The no-star, slapstick revival of John Dexter’s 37-year-old production of Mozart’s Die Entführung aus dem Serail that opened Friday night proved James Levine’s tenure as Music Director of the Met will end in two weeks with neither a whimper nor a bang. Other than Albina Shagimuratova’s dramatically dour but vocally gleaming Konstanze, no compelling reason for these performances presented itself besides its maestro’s desire to conduct a favorite work. Read more »
To be honest, I have never seen anything quite like Matthias Goerne in recital. He seemed so wonderfully free. Read more »
As Enrico Caruso once said to me, “All you need for a good La Gioconda is the six greatest singers in the world and a few dancing elephants.” “Are there that many great singers?” I retorted. He just smiled, pinched my cheek and gave me a sketch he’d done of me while I was sleeping through a Meistersinger in standing room. I guess I should have hung on to it, huh? Be worth something today. Anyway, fortunately, he was wrong: You can do a thoroughly enjoyable Gioconda with far fewer great singers than six, and I heard one in Englewood just last Sunday. Read more »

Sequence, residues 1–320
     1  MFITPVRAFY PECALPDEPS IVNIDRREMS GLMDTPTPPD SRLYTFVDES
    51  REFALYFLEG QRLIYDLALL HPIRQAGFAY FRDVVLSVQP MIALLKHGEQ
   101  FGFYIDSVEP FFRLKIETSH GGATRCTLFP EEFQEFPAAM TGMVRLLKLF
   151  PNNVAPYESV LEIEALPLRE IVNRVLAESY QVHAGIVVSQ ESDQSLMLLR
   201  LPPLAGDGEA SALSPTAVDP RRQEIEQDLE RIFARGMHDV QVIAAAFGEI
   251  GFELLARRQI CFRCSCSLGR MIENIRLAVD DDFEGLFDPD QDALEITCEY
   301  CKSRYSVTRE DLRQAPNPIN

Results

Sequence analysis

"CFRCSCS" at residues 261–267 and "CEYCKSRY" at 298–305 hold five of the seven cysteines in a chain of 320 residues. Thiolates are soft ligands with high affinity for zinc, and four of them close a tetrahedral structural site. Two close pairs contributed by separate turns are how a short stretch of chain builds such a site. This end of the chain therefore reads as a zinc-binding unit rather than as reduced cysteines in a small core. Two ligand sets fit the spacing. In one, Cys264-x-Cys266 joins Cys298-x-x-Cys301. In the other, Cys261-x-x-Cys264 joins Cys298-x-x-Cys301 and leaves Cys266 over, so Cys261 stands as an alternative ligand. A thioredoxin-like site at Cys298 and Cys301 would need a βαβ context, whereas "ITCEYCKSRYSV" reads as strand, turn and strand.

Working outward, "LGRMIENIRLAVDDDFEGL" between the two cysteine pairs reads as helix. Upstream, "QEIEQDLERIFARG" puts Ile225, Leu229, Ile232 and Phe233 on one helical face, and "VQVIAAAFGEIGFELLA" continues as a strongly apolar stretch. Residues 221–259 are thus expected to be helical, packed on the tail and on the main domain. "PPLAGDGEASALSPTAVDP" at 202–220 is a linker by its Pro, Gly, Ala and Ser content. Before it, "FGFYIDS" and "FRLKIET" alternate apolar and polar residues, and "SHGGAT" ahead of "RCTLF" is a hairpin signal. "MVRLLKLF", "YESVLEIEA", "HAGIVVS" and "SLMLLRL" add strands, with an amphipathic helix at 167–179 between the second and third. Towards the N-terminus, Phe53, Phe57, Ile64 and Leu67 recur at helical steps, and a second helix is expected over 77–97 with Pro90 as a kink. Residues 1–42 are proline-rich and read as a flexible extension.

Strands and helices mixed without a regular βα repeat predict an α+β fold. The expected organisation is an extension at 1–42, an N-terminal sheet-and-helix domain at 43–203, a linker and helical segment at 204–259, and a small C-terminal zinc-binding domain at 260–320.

Louis XVI, Marie-Antoinette, and a slew of their members of court are hanging out in the afterlife…
The haunted Mycenae of Patrice Chéreau’s enthralling production of Richard Strauss’s Elektra had seized its viewers in an unrelenting vise that never relaxed even at its quietly shattering conclusion.
“I will never sing the role again. It was frightful. We were a set of madwomen…There is nothing beyond Elektra. We have lived and reached the furthest boundaries in dramatic writing for the voice with Wagner. But Richard Strauss goes beyond him. His singing voices are lost. We have come to a full stop.”
Othello in the Seraglio is the rather unfortunate title bestowed by the ensemble Dünya on its “coffeehouse opera,” ossia The Tragedy of Sümbül the Black Eunuch.
The original conductor of Nielsen’s opera summed the piece up well I think…
That Placido Domingo and James Levine, the Met’s inexorable septuagenarians, would team up yet again—on April Fools’ Day, no less—for a revival of Verdi’s Simon Boccanegra occasioned an uncomfortable degree of doubt and dread.